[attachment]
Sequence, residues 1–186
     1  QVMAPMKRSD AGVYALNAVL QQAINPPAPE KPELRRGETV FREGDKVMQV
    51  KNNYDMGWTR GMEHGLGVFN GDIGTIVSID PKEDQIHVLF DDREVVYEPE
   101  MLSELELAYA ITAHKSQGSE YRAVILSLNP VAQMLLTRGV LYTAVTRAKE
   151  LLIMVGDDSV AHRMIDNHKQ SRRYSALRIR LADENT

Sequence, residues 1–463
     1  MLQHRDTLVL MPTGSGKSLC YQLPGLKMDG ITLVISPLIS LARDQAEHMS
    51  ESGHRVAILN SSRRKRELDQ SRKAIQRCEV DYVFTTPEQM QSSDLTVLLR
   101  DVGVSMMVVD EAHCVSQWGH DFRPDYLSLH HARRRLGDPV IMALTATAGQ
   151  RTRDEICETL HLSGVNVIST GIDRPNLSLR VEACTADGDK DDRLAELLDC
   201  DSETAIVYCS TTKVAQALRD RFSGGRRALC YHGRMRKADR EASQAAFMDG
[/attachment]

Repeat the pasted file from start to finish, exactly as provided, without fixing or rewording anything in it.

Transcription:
Sequence, residues 1–186
     1  QVMAPMKRSD AGVYALNAVL QQAINPPAPE KPELRRGETV FREGDKVMQV
    51  KNNYDMGWTR GMEHGLGVFN GDIGTIVSID PKEDQIHVLF DDREVVYEPE
   101  MLSELELAYA ITAHKSQGSE YRAVILSLNP VAQMLLTRGV LYTAVTRAKE
   151  LLIMVGDDSV AHRMIDNHKQ SRRYSALRIR LADENT

Sequence, residues 1–463
     1  MLQHRDTLVL MPTGSGKSLC YQLPGLKMDG ITLVISPLIS LARDQAEHMS
    51  ESGHRVAILN SSRRKRELDQ SRKAIQRCEV DYVFTTPEQM QSSDLTVLLR
   101  DVGVSMMVVD EAHCVSQWGH DFRPDYLSLH HARRRLGDPV IMALTATAGQ
   151  RTRDEICETL HLSGVNVIST GIDRPNLSLR VEACTADGDK DDRLAELLDC
   201  DSETAIVYCS TTKVAQALRD RFSGGRRALC YHGRMRKADR EASQAAFMDG